The previous 24 hours had been a gratifying graduation from village life. It involved congenial bargaining in the Siem Reap market, tenuous string serenades from traditional Khmer quintets, half a dozen samples of street food, and finally retiring at 1920 following my first Italian gelato indulgence in months. The gelato sugar still hummed through my fingertips as we sat and watched the sun creep up behind the ancient edifice across the water. On the stone steps to our right was a menagerie of sightseers lured to the temples from every corner of the globe. Between snapping photos, their faces opened with that thrill of those who have travelled and discovered the collectable scale of our grand planet. I fixate briefly on the teeming display of shoulders and knees of all ages and hues before noticing that mine are not the only village eyes helpless but to skim the exposed bodies. To our left were several Khmer men and women of venerable age and that this was their first ever sojourn to the Mecca was evident in their reverent silence, the fresh kroma scarves under the grandmothers’ chins, and the modest wrists scarcely peeking from the grandfathers’ crisp white cuffs. Just then Caroline thumbed the spot on her ankle where yesterday a young Khmer gentleman had painted a heart with oil while telling us of how he divides his time between a village teaching job and giving expert foot massages in town for pocket cash. His bright laugh had been like that of my beloved Khmer uncle who operates our village van and who still jumps out of his skin with embarrassment whenever our limbs accidentally brush.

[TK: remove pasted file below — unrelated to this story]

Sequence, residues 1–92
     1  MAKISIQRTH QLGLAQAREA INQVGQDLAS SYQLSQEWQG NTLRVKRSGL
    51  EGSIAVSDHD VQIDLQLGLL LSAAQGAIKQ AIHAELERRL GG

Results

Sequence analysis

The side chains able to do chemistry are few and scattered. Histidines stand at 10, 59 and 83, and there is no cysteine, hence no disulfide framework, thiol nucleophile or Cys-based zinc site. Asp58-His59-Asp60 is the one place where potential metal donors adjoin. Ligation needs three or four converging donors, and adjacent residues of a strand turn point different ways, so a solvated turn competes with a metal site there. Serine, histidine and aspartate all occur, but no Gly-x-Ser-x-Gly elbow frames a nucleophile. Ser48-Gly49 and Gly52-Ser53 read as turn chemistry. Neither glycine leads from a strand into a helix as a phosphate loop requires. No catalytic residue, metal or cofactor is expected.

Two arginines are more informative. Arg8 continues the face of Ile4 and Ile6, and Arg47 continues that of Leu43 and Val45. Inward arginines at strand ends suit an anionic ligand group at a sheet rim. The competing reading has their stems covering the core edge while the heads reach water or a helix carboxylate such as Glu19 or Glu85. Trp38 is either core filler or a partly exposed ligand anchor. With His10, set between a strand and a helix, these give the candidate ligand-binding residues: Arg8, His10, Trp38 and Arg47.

By late morning we found brief respite from the temple bustle at a vacant guard station in the undergrowth of the Royal Palace grounds near Bayon Temple. It was the first unoccupied locale of the day and so we tugged the rice mats down from the rafters and lounged. It was there that I breathed, stepped beside myself, and recognized the day’s endeavor for what it was: one of those experiences for which you are not necessarily present, but rather awe-struck and half-blind, amassing a coffer of impressions you will cogitate over and over forever after you’ve left. Eventually we meandered down a sandy path circumnavigating the Royal Pond. It became gradually more still and bordered on silent by the time we reached Preah Palilay temple, tucked deep in the undergrowth.